Silicon Valley Top 5: The most important tech stories of the week
Missed out on some of the major tech news stories of the week? Here are five of the biggest stories from the tech world this week, from Yahoo's giant hack to what outgoing President Barack Obama has to say about Russia's cyber attacks.
Yahoo hack in 2013 left more than 1 billion users vulnerable.
A data breach in August 2013 may have left more than 1 billion Yahoo user accounts vulnerable, according to the company, with a plethora of personal information being released. The information includes names, addresses, emails, dates of birth, hashed passwords, unencrypted and encrypted security questions and telephone numbers. According to Yahoo, the hack did not leak credit card numbers, bank account details or unencrypted passwords, Wired reports.
Uber launched self-driving cars in San Francisco.
Ride-hailing company Uber launched self-driving cars in its hometown of San Francisco on Wednesday. The Volvo XC90 SUVs are not driver-less — similar to Uber's Ford Fusion self-driving debut in Pittsburgh in September, the self-driving cars in San Francisco will have a safety driver and Uber test engineer onboard. Uber customers who request UberX may be picked up by an autonomous vehicle. Since its debut, Uber has been tangled up in permit issues and has been asked by California regulators to stop its self-driving car service.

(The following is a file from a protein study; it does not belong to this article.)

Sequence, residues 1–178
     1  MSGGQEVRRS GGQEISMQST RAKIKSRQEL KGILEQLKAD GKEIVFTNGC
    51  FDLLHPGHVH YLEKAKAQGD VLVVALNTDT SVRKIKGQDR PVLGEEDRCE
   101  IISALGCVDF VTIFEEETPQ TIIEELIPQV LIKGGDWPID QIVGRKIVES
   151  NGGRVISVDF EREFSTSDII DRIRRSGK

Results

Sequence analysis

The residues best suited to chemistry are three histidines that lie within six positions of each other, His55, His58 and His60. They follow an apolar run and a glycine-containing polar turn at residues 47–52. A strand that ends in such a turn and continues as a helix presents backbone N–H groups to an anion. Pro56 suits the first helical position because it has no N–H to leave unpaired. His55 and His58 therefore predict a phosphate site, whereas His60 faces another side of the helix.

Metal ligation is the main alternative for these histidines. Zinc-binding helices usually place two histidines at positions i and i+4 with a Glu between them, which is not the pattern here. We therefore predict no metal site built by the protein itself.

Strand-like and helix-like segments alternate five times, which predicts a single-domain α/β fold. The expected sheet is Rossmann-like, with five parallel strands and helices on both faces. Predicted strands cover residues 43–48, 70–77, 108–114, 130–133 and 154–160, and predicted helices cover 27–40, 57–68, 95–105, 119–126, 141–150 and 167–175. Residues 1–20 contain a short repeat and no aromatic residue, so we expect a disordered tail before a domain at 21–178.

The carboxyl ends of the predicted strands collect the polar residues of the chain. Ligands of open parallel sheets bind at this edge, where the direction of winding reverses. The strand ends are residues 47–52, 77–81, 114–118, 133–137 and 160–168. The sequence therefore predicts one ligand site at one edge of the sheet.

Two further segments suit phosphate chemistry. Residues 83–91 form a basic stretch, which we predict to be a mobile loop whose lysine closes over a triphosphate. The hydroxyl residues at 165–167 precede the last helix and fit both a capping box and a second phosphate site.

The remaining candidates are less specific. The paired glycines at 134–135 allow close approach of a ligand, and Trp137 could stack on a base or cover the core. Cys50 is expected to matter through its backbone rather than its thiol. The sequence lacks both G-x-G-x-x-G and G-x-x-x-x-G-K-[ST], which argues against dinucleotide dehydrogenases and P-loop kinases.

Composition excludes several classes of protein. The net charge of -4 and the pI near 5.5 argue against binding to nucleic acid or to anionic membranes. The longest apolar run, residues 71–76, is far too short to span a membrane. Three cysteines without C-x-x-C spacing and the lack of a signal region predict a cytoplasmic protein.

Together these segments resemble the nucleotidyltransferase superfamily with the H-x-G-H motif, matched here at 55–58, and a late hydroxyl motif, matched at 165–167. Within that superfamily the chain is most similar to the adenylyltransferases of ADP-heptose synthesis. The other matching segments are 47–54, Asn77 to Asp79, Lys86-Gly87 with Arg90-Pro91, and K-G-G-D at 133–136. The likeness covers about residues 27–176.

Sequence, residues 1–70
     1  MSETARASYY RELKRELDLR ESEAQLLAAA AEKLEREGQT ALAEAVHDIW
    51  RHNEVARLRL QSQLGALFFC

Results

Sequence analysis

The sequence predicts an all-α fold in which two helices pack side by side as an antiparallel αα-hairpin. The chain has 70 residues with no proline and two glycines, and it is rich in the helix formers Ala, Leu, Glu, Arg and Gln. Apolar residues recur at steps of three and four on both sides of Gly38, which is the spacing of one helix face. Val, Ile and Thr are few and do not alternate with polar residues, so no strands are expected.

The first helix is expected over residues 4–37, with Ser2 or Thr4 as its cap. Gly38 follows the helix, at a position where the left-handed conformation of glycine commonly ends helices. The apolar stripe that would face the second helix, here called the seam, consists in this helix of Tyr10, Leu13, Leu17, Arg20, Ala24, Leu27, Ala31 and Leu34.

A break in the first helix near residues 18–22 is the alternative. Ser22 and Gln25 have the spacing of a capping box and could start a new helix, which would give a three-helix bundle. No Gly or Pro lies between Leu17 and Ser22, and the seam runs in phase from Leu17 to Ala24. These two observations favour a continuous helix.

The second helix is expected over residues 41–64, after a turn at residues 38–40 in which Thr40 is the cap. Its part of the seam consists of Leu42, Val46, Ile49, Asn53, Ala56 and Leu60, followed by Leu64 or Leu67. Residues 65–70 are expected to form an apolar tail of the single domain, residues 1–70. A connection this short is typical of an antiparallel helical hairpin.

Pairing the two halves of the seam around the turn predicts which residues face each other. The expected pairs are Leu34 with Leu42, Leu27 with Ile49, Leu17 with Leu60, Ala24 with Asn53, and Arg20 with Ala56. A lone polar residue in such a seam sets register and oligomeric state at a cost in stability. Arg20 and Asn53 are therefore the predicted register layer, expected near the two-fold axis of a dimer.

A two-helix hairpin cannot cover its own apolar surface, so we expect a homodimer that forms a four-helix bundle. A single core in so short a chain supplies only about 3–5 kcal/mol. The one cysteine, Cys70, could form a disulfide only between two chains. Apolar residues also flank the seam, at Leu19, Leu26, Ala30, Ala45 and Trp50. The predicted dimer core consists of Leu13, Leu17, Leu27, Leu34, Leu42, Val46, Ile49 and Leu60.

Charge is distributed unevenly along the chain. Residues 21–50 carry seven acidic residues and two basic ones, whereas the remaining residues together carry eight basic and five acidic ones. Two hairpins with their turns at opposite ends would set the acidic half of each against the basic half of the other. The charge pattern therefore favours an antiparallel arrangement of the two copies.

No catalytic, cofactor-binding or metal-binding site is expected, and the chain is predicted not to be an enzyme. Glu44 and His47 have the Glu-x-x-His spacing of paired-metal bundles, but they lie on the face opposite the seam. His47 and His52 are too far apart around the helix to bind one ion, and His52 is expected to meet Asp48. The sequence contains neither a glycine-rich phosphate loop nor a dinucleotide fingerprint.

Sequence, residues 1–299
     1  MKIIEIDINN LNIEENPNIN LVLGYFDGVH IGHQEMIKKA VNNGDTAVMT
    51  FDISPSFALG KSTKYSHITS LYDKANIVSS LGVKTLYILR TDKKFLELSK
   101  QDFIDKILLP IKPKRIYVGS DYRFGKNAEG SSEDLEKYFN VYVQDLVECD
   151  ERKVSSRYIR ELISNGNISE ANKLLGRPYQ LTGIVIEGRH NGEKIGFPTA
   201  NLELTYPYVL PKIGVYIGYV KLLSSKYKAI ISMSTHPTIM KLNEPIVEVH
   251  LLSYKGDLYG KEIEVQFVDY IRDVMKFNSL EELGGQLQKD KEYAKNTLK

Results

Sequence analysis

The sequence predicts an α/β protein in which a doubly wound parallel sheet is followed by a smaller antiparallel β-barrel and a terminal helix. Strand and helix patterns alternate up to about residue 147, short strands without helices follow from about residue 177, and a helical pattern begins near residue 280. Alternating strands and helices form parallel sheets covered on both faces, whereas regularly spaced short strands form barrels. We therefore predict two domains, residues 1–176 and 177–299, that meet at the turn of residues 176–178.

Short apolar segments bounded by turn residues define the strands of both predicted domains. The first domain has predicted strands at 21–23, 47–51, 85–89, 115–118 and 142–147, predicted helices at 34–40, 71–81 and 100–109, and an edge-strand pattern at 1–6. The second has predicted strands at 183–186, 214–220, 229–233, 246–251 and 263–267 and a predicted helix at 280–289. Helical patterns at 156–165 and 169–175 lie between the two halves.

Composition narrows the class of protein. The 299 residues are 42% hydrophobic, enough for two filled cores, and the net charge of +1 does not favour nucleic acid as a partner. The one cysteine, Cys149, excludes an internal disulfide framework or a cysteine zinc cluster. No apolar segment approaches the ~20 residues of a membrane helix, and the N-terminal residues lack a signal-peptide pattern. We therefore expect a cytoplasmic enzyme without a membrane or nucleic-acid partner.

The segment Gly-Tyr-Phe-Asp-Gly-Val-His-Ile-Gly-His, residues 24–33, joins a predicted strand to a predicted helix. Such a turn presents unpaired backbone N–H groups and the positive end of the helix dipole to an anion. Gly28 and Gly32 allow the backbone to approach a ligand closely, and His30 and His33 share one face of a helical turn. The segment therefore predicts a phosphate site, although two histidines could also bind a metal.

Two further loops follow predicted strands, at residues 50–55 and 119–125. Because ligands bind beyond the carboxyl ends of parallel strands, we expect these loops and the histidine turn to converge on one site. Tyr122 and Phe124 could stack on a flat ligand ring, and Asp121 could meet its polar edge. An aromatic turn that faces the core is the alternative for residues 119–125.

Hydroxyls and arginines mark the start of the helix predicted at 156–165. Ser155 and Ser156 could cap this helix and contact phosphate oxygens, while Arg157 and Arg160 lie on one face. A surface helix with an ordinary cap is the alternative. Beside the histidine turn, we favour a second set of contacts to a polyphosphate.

Facebook announced it will tackle fake news with new tools.
Facebook has come out with a plan on how it will curb fake news from spreading on the social media platform. Reuters reports that Facebook will make it easier for its 1.8 billion users to flag fake news articles and the social media giant will work with fact-checking websites (e.g. Snopes, the Associated Press and ABC News) to determine if a story is authentic. Disputed articles will be flagged and accompanied by a note detailing why it cannot be promoted.
Obama spoke about Russia's cyber attacks.
In an interview with the NPR, Obama commented on the role Russian cyber attacks played in the U.S. election, after the White House suggested Russian President Vladimir Putin played a role in the hacks. "I think there is no doubt that when any foreign government tries to impact the integrity of our elections ... we need to take action," Obama said, the Guardian reports. "And we will – at a time and place of our own choosing."
Twitters cut off access to geospatial intelligence data.
Twitter has cut off access to a social media monitoring tool that was being used by police intelligence centers — also called fusion centers — to gather geospatial intelligence data. "Our long-standing position has been that the use of Twitter data for surveillance is strictly prohibited and we continue to expand our enforcement efforts," Twitter said in a statement. According to the ACLU, Twitter's decision affects the 77 fusion centers around the country. The ACLU of California previously discovered through a public records request that the tool, called the Geospatial Analysis Application, allowed for location-based tracking.